There is a place in the human body that, when stimulated, can promote and ignite self-healing, connectedness, compassion, and human kindness (DiSalvo, 2009; Keltner, 2009; Porges, Doussard-Roosevelt, Maiti, 1994). What's best, we can access this place anytime we choose. This physiological structure, known as the vagus nerve, has been a source of fascination and inquiry for many researchers. The vagus nerve is actually a bundle of nerves, the longest in the human body, and it connects the brain to the heart, lungs, and digestive system.
Perhaps the most interesting function of the vagus nerve is that it triggers the parasympathetic system's "relaxation response," essentially the reverse effect of the notorious "fight or flight" response. The relaxation response is composed of hormones and enzymes like acetylcholine (which signals smooth muscle tissues to relax, thereby encouraging blood vessels to open up), vasopressin (which promotes homeostasis and pair bonding or forming close connections with others), and oxytocin (which promotes social intimacy, connection, and feelings of love). Activation of the vagus response has also been linked with reduced inflammation.
In other words, activation of this bundle of nerves can have a powerful impact on our health and the quality of our relationship to others. Practiced in moderation (Gruber, Johnson, Oveis, Keltner, 2008), stimulation of the vagus nerve can have positive effects on our physical, emotional, mental, and social health. This can be particularly useful in times of stress, when we are prone to let fear take over our systems. Something as simple as a long hug may initiate the vagus response. If you are alone, try spending a few minutes breathing deeply and lying on the ground so that the forehead, chest, and stomach are in contact with the foundation of the ground beneath you. Lying on your belly, draw attention inward toward the center of the body, perhaps even envisioning this physiological viaduct activating with each breath. Or, perhaps if you are stuck in traffic and need a quick fix, simply place your hand on your heart and chest, allowing yourself to sense the vitality of this magnificent nerve that connects with your beating heart, and breathe deeply for a few minutes. These quick and simple actions can send a physiological signal to your brain that any perceived threats in the environment can be reframed as challenges that you are capable of facing.
We often falsely assume that the security and comfort that we seek will be found outside of ourselves: in the perfect relationship, career, environment, etc. But what we are coming to realize as we explore the neuroscience of the vagus nerve is that at least a portion of this comfort, healing, and connection can be found within our own bodies. Don't be fooled, it's not as easy as swallowing a pill and waiting for the effects. In order to truly experience the gifts of the vagus nerve, we are required to direct our attention inward and fully inhabit our bodies, which is something that can be difficult, even counterintuitive, when we are feeling anxious or fearful. It's much easier to look for quick and easy distractions, to ignore our bodies altogether.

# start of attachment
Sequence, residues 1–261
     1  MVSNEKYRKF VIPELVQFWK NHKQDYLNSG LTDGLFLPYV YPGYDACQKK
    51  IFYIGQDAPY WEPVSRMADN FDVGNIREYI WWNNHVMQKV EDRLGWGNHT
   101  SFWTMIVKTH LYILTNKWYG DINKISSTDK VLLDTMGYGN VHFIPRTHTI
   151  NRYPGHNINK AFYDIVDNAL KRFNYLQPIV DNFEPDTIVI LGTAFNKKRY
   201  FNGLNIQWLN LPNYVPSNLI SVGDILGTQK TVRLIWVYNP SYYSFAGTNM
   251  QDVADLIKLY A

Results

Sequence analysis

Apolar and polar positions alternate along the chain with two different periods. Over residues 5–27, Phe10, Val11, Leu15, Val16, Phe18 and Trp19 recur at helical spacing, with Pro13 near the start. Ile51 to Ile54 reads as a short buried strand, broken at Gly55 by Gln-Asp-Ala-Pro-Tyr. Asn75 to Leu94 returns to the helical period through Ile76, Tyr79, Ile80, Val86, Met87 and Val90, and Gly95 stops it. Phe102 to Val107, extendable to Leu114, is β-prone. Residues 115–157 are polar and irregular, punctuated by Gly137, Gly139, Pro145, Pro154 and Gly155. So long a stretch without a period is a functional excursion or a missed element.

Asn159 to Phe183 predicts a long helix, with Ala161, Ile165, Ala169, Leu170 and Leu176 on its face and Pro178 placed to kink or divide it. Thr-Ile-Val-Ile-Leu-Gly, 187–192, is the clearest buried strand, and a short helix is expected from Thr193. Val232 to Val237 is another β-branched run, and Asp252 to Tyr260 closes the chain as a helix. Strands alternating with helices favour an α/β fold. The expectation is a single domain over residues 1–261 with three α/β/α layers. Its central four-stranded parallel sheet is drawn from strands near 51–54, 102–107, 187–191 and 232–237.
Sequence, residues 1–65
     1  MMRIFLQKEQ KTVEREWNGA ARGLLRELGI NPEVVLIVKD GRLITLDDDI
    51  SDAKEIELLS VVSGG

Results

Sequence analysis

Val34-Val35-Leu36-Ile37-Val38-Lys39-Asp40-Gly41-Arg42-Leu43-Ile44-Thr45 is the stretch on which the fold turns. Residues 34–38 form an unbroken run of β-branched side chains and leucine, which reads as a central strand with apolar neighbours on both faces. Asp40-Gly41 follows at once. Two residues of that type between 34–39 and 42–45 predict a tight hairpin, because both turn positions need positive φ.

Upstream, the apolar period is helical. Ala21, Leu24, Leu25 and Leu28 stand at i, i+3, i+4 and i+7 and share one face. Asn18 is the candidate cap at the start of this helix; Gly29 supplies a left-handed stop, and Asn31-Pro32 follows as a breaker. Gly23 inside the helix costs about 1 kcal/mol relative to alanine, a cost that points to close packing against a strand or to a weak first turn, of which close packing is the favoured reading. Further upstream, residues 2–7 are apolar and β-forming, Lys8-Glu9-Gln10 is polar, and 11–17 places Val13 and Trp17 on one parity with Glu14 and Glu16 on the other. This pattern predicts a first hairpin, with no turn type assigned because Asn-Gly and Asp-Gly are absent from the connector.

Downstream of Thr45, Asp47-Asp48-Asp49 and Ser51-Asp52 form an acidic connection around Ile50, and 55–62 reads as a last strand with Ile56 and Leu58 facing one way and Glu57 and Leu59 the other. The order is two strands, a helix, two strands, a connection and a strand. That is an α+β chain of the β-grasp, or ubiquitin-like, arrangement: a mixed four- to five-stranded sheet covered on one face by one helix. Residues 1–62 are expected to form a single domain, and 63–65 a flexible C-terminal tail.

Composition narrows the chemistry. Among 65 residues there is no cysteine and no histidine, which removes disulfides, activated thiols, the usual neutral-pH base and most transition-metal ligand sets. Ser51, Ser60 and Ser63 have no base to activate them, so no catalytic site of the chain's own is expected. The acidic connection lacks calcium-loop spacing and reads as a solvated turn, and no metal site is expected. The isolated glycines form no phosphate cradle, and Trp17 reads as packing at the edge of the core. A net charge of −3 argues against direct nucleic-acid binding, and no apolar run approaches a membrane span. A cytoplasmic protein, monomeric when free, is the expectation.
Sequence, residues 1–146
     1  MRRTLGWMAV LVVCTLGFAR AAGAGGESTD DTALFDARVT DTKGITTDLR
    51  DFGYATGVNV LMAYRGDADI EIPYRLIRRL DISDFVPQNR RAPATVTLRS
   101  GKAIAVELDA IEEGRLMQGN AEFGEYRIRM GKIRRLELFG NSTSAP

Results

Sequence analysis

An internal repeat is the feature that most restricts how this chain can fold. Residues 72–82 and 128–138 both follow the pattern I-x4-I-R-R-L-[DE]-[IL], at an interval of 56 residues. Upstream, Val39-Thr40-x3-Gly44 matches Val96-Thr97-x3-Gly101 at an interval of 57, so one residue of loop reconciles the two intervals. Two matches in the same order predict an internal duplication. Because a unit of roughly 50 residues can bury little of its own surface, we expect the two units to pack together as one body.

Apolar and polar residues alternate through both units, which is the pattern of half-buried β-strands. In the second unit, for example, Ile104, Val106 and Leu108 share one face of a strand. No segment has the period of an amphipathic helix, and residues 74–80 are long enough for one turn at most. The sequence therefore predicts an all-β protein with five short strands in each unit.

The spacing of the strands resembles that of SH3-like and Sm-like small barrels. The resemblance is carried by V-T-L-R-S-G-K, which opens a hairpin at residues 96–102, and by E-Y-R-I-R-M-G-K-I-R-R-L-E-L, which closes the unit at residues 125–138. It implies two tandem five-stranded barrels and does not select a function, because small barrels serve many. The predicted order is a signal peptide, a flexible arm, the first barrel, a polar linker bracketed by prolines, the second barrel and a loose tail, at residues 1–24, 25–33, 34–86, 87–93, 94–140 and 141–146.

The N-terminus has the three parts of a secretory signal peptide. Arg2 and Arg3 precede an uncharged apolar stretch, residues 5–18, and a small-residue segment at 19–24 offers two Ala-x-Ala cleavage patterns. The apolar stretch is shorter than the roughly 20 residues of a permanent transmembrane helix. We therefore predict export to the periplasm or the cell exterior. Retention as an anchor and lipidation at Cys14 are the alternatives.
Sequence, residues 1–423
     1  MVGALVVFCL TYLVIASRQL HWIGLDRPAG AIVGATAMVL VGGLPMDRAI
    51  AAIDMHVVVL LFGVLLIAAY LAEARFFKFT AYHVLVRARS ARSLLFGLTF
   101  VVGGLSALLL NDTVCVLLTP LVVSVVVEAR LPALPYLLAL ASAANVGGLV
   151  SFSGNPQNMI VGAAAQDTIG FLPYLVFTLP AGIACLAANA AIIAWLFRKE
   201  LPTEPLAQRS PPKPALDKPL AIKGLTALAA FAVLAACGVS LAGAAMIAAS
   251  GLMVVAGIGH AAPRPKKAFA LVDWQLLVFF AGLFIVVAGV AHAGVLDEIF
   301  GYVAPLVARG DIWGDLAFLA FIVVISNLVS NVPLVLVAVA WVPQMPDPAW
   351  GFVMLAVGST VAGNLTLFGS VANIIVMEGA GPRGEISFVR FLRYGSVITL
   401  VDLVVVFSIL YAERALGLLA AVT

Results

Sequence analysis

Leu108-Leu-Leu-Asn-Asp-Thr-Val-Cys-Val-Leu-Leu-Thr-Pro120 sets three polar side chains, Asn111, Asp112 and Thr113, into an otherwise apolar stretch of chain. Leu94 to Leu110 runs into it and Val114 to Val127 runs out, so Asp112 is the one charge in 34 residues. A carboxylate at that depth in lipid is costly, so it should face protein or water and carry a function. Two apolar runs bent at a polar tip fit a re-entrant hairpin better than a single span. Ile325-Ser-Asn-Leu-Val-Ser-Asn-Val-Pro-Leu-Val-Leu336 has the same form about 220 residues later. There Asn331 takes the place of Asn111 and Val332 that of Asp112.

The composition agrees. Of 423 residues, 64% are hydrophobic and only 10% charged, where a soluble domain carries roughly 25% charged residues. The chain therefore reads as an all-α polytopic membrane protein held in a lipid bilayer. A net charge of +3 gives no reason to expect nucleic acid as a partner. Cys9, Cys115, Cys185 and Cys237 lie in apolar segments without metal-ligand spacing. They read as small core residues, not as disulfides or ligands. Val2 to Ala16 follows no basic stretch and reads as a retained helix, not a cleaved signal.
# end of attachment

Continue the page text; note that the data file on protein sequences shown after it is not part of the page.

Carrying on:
I have been thinking a lot about this powerful bundle of nerves, and how we might find our way back inward during times of stress. It is my belief, supported by years of research in the field of embodied cognition, that the quickest shortcut to changing our mindset is through some form of physical, embodied practice. In honor of this extraordinary physiological viaduct for self-healing, I have created a short and quick sequence of yoga asanas, intended to stimulate the vagus nerve and thereby activate your innate capacity for relaxation and connection. Finally, I leave you with a quote by Eve Ensler that serves as a nice accompaniment to the yoga sequence I am sharing. I suggest using these words as a meditation and reminder when you need to reconnect to your own body and heart: "I feel therefore I am. I feel therefore I can feel my existence. I feel my body. I feel the breath. I feel the living, breathing fiber that is humanness." - Eve Ensler
Background music by: Higher Planes Drifter "Yesterday's Demons are Tomorrow's Angels" https://soundcloud.com/higherplanesdrifter
DiSalvo, D. (2009). Forget Survival of the Fittest: It Is Kindness That Counts. Scientific American Mind, 20(5), 18-19.
Gruber, J., Johnson, S. L., Oveis, C., & Keltner, D. (2008). Risk for mania and positive emotional responding: too much of a good thing? Emotion, 8(1), 23.
Keltner, D. (2009). Born to be good: The science of a meaningful life. WW Norton & Company.
Porges, S. W., Doussard‐Roosevelt, J. A., & Maiti, A. K. (1994). Vagal tone and the physiological regulation of emotion. Monographs of the Society for Research in Child Development, 59(2‐3), 167-186.